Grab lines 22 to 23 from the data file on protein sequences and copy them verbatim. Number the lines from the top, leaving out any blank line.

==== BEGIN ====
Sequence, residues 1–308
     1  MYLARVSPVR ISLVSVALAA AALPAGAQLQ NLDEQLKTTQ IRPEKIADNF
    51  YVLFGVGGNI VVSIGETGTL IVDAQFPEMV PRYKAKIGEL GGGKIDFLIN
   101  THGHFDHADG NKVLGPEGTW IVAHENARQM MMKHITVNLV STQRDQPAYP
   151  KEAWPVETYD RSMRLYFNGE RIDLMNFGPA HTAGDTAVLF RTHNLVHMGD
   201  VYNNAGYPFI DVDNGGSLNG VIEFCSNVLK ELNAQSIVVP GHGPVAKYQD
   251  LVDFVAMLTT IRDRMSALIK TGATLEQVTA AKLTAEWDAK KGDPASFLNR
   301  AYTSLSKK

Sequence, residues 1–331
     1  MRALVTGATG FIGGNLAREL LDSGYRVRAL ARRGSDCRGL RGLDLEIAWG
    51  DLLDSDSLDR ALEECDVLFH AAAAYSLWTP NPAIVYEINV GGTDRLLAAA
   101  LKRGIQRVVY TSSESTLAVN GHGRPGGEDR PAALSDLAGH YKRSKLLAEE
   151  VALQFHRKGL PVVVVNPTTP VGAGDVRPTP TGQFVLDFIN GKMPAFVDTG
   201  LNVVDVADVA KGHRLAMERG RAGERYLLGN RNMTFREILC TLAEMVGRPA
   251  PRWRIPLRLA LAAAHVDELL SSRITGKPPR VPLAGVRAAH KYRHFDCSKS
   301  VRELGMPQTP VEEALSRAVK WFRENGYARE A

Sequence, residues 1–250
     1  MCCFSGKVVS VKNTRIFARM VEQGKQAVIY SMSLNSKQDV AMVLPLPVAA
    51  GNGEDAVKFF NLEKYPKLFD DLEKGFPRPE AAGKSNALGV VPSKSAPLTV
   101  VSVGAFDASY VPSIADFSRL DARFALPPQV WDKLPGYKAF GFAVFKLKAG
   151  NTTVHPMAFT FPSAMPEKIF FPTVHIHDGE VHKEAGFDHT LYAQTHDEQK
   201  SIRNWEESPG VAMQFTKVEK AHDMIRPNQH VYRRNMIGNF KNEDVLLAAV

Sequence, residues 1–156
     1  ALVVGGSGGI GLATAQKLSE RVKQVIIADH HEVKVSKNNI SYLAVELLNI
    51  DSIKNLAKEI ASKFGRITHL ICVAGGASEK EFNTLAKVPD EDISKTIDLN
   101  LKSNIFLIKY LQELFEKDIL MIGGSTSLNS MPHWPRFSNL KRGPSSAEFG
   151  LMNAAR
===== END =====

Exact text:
   201  SIRNWEESPG VAMQFTKVEK AHDMIRPNQH VYRRNMIGNF KNEDVLLAAV

Sequence, residues 1–156